Pricing

Prices for the Fullback in England range start at $33,765 for the SX and $37,030 for the LX, based on current exchange rates. That's comparable to its L200 sibling, but the Fullback offers fewer choices.

Additionally, where Mitsubishis come with a five-year warranty, the Fiat gets just a three-year program. It seems like a bizarre way of selling two virtually identical vehicles, but that's possibly offset by more attractive finance options.

Cars.com photos by Ben Harrington

 

Fiat Fullback static front II

Fiat Fullback static rear II

Fiat Fullback badge II

Fiat Fullback buttress II

Fiat Fullback down hill rear 2 II

Fiat Fullback off road side II

Fiat Fullback rear seats II

Fiat Fullback water splash II

 

Comments

As I've stated many times on this site; the US Ranger is going to blow away the mid-size competition;

http://www.msn.com/en-us/autos/autos-trucks/spied-2020-ford-ranger-raptor/ar-BBDgOfn?li=BBisPVf&ocid=spartandhp

the US Ranger is going to blow away the mid-size competition

@Lionel

Is that a joke???

There is no US Ranger yet.

When? Maybe in a couple of years, assuming Ford is still making trucks by then.

Honestly, that Fiat looks like something you'd take for birth control.

the US Ranger is going to blow away the mid-size competition
@Lionel
Is that a joke???
There is no US Ranger yet.
When? Maybe in a couple of years, assuming Ford is still making trucks by then.

Posted by: papajim | Jun 27, 2017 7:50:46 AM

@papa jimbo; it's no joke old man so get ready to be rocked by Ford's new US Ranger...it will mop the floor with all mid-sizers including the current sale leader Tacoma...

Too big, though I admit there's some things I like about it--like the more aerodynamic look. Here in the US it would probably be marketed as the Ram 1200 (which FCA dealerships won't admit nor deny may be headed this way.) The Brazilian Fiat Toro is the same vehicle with a split rear gate and the reviews for it seem pretty good. https://youtu.be/NFcZ4wJB-DU

"I wouldn't want to be near any roads where that thing is pulling 6000lbs or hauling 2000lbs in the bed."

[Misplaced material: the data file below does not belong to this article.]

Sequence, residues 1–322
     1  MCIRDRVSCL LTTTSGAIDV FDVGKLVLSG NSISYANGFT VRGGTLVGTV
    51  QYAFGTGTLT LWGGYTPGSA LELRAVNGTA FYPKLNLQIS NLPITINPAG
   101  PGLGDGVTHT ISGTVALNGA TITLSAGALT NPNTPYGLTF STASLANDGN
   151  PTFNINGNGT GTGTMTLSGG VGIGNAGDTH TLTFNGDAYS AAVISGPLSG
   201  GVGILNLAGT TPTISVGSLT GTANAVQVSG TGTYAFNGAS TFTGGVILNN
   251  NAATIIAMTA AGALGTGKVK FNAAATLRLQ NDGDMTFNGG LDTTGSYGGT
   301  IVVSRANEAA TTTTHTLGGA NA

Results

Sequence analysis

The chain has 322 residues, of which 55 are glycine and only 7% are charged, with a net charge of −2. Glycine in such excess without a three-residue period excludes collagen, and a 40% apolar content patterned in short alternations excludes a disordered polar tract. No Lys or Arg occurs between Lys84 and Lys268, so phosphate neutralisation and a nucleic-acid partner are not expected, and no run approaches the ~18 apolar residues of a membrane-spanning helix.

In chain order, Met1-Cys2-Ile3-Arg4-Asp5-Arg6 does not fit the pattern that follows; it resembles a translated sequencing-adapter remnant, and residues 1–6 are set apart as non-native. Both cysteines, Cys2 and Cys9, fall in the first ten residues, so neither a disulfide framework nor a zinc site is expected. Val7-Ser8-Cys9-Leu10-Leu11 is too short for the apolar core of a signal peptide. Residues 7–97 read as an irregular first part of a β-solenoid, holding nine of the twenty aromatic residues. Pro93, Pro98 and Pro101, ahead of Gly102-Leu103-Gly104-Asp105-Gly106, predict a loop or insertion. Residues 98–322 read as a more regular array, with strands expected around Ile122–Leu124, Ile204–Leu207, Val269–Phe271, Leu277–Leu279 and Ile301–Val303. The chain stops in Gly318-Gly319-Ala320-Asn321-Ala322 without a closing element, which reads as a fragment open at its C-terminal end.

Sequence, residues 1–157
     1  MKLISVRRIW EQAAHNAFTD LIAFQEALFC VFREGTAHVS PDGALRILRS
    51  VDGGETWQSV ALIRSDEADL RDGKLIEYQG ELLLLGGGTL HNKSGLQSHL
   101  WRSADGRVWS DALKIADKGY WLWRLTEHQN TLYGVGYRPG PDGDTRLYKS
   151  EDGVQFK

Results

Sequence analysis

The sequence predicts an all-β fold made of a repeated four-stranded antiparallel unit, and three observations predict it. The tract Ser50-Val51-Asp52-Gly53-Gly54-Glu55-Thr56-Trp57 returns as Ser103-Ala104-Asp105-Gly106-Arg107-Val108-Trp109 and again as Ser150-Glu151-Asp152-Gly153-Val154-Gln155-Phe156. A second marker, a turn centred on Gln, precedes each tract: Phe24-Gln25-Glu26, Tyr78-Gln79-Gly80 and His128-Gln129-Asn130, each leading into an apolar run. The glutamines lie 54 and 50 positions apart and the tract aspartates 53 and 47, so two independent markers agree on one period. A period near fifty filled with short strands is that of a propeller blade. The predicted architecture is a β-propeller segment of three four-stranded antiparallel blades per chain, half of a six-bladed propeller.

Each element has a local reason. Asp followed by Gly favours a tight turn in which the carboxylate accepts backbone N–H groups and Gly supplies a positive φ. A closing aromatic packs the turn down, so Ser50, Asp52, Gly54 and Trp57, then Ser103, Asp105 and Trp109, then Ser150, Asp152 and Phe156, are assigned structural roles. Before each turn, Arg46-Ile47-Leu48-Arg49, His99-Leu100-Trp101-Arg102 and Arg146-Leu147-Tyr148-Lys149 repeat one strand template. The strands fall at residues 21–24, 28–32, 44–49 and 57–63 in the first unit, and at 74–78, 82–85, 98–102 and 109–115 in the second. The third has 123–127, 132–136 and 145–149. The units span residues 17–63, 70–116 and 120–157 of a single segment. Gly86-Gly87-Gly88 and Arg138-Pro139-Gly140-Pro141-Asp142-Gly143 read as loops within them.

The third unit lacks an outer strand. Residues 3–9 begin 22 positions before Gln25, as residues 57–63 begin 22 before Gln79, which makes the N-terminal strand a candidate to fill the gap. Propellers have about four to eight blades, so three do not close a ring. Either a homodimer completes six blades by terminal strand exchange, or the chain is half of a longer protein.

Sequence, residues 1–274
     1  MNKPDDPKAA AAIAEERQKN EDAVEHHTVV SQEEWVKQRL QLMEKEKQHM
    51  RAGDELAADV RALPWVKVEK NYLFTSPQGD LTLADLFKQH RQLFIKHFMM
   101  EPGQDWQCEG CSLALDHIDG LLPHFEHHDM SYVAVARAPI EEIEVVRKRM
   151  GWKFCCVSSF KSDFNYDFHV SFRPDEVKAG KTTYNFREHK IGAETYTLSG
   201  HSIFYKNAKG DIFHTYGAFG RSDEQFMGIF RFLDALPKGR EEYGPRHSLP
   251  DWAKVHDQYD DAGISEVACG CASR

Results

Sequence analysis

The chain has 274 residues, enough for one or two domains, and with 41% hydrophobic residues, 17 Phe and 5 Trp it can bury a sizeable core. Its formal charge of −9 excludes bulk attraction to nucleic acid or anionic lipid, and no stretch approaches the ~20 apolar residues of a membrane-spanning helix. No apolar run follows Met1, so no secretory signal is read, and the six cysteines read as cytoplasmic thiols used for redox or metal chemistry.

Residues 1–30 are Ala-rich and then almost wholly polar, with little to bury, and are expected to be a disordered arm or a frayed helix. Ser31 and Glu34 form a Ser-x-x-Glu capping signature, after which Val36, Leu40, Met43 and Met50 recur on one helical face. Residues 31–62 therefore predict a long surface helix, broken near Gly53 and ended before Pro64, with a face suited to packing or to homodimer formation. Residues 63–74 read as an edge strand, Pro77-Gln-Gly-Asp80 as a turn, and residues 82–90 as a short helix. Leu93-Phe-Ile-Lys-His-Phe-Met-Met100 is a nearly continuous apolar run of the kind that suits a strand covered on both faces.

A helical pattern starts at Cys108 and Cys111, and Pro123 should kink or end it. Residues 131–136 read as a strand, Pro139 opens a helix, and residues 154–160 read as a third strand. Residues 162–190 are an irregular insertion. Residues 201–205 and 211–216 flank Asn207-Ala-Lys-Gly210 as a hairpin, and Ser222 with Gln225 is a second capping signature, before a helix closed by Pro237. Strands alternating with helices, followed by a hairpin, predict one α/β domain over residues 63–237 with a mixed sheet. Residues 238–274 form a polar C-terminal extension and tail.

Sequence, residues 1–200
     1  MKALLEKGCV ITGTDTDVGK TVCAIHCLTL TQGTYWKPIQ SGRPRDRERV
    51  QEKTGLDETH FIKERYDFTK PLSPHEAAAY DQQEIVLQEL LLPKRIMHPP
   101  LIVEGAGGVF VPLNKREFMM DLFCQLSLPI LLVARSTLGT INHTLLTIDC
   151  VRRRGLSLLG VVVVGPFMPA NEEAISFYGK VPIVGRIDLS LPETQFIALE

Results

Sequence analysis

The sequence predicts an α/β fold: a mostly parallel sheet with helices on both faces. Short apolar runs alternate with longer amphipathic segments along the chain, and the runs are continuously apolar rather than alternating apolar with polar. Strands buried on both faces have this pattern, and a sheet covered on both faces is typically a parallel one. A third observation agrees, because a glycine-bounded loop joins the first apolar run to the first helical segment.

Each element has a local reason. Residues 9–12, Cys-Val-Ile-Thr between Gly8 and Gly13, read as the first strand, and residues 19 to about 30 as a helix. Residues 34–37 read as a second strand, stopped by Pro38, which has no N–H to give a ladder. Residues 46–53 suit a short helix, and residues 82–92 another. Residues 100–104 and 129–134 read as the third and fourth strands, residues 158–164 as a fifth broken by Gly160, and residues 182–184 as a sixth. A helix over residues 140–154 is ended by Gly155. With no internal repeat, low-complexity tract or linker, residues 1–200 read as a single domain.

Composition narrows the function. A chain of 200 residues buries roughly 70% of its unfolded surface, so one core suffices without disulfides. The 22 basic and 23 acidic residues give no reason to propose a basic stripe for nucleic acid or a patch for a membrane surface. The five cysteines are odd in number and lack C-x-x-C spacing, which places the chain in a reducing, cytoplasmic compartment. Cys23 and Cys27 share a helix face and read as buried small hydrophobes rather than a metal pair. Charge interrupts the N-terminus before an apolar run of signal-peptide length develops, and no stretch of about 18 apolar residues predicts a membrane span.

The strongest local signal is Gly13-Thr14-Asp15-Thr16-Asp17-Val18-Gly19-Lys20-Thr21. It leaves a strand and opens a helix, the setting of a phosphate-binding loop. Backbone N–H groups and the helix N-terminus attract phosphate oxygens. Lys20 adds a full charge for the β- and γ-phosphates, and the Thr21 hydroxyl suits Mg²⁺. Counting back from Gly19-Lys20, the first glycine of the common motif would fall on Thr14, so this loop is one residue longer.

---- Posted by: Ken | Jun 24, 2017 9:51:20 AM

Why?
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"What would you do with a truck that small? The bed is useless and the backseat is too small to haul any people. I an seed a regular cab or extended cab with a longer bed."
---- Posted by: Joe | Jun 24, 2017 12:00:06 PM

Clearly you don't know what you're talking about. This thing is hardly any smaller than the current GM C-twins.
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"Roadwhale, call home!!!"
---- Posted by: papajim | Jun 24, 2017 4:29:51 PM

Don't you mean, "Call Fiat"? I have. Check my previous post in this forum.
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"This truck is still too big for our needs."
---- Posted by: Road Whales Inc. | Jun 25, 2017 10:16:35 AM

Too silly. You mind if I sue you for trademark infringement? There's a reason I put the ™ on RoadWhale™.
================================

"Not sure what 'professional' covers as that looks very light duty. Maybe it's a professional level grocery getter."
---- Posted by: Ken | Jun 25, 2017 10:18:33 AM

More like a professional grade, light-duty truck such as what Orkin used to order. Believe it or not, some companies really don't need huge, heavy-capacity pickup trucks for their work; they just need a rig large enough to carry some gear and simply wash out if something spills. In some cases, full-sized trucks are a hindrance, not a help.

"To my knowledge, --- although I do have a fading memory --- I never was, am, or will be "Denvermike". I do remember some of his well thought-out comments on TTAC, however, and can only wish him well..."
---- Posted by: NMGOM | Jun 26, 2017 10:38:00 AM

Well thought out? That's a laugh. He was so opinionated that he refused to see reason even when proof was put in front of his face. Even the links he used to support some of his comments tended to refute them instead. Rarely did he introduce anything relevant to these forums or on TTAC.